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Hula Paperback – January, 1994


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Product Details

  • Paperback: 160 pages
  • Publisher: W W Norton & Co Inc; 3rd edition (January 1994)
  • Language: English
  • ISBN-10: 0393035891
  • ISBN-13: 978-0393035896
  • Product Dimensions: 0.8 x 5.2 x 8 inches
  • Shipping Weight: 8.8 ounces
  • Average Customer Review: 3.5 out of 5 stars  See all reviews (21 customer reviews)
  • Amazon Best Sellers Rank: #6,037,295 in Books (See Top 100 in Books)

Editorial Reviews

From Publishers Weekly

In her remarkable first novel, Shea hauntingly evokes the spirits and sensations of childhood. The lives of two sisters at the crossroads between childhood and adolescence are described in lyrical, hypnotic prose. Set in the early 1960s, nearly all the action takes place in the backyard of the girls' suburban Virginia home, to them a surreal, adventurous place in which they act out their wishes, hopes and dreams, and try to cope--often ritualistically--with family dysfunction. Their father, whose mind has been ravaged by war, is given to drunken gunplay and sudden explosions of rage. Their mother is whimsical and distant; the marriage is disintegrating. The girls are forced back upon their inner resources and each other for a sense of security. Convincingly portraying the budding sexuality of early adolescence in sometimes shocking situations, Shea re-creates the numinous landscape of childhood in which animals and vegetation possess immanent intelligence and personality. The nameless terrors in their home life counterpoints the irrepressible optimism that is native to childhood and that, Shea implies, can see children safely through the grimmest of circumstances, such as the searing climax of this quiet, expertly told novel.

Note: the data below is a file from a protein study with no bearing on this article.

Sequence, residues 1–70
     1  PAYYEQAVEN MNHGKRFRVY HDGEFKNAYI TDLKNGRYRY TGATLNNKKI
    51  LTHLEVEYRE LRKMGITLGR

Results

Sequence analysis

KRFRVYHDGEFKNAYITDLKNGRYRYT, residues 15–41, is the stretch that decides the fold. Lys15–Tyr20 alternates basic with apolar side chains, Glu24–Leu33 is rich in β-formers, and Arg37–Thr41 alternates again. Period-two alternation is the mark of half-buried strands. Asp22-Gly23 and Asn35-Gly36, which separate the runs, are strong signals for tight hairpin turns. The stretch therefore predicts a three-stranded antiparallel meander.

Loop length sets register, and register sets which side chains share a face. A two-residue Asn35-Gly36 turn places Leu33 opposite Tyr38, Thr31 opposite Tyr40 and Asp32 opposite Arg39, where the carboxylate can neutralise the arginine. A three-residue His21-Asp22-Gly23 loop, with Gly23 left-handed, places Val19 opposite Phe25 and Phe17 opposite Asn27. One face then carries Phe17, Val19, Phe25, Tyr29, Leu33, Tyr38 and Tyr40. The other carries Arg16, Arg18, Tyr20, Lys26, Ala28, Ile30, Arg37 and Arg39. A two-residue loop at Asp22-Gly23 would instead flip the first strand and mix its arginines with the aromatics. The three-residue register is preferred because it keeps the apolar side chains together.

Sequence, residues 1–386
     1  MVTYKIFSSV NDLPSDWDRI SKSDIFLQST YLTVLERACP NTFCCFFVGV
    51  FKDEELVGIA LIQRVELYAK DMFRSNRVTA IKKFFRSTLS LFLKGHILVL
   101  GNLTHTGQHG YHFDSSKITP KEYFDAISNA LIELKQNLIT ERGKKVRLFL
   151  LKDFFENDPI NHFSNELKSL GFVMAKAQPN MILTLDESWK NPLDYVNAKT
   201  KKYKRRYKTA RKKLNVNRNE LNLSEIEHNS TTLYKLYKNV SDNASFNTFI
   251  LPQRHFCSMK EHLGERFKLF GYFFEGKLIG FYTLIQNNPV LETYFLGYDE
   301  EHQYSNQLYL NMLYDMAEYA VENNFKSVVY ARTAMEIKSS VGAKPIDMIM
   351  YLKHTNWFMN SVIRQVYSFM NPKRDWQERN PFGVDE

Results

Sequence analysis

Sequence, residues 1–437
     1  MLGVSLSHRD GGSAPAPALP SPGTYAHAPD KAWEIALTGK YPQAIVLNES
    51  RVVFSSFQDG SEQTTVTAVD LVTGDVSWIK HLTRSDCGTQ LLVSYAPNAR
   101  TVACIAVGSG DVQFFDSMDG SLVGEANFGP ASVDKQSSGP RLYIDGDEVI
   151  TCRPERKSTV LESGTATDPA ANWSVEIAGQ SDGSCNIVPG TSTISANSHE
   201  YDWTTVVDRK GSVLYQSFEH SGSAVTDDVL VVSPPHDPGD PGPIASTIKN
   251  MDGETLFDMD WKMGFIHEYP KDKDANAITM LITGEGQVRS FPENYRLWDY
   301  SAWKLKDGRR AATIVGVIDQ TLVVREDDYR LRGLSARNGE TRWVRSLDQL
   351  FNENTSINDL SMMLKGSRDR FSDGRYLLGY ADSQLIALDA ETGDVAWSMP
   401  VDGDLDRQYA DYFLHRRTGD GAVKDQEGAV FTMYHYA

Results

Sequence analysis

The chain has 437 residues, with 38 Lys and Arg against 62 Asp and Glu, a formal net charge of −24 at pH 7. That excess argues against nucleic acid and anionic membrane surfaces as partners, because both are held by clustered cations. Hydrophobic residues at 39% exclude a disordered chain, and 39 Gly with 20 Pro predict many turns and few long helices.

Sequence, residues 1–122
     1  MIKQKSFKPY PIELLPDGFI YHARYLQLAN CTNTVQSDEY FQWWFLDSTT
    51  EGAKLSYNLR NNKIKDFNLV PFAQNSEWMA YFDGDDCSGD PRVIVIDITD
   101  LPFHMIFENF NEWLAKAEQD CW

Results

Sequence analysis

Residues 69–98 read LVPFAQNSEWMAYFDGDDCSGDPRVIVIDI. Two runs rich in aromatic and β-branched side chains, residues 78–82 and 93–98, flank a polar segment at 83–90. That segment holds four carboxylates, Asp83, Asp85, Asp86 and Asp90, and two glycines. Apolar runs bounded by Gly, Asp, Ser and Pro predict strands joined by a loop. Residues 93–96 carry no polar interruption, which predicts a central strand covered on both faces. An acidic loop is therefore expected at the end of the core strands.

Copyright 1993 Reed Business Information, Inc.

From Library Journal

This tale of the conflict between two sisters in the early 1960s marks the fiction debut of a freelance journalist whose work has appeared in such wide-ranging publications as Esquire , the New York Times Book Review , and People.
Copyright 1994 Reed Business Information, Inc.

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Customer Reviews

I was just blown away!
Patricia
At times, there were scenes added that didn't seem to add to the quality of the story or tell anything about the relationship between the sisters.
Roonie
Shea's prose is spare and evocative; her story is both beautiful and frightening.
Stuart

Most Helpful Customer Reviews

6 of 7 people found the following review helpful By IxGOTxFIAH@aol.com on January 9, 1999
Format: Paperback
I bought hula off a table without thinking anything else about it but a simple summer read to pass time. It is by far one of the best books I have ever read. I think Lisa Shea's imagery of childhood is wonderful and almost disturbing. It makes one remember long since forgotten incidents and occurences of childhood. Brilliant.
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5 of 6 people found the following review helpful By Eckhard Gerdes on August 27, 1998
Format: Paperback Verified Purchase
Lisa Shea's novel explores further many of the themes she established with her brilliant earlier short fiction. There is something in reading her work which is akin to seeing the beauty of a hurricane destroying everything in its path.
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4 of 5 people found the following review helpful By "shomezahog" on October 13, 2000
Format: Paperback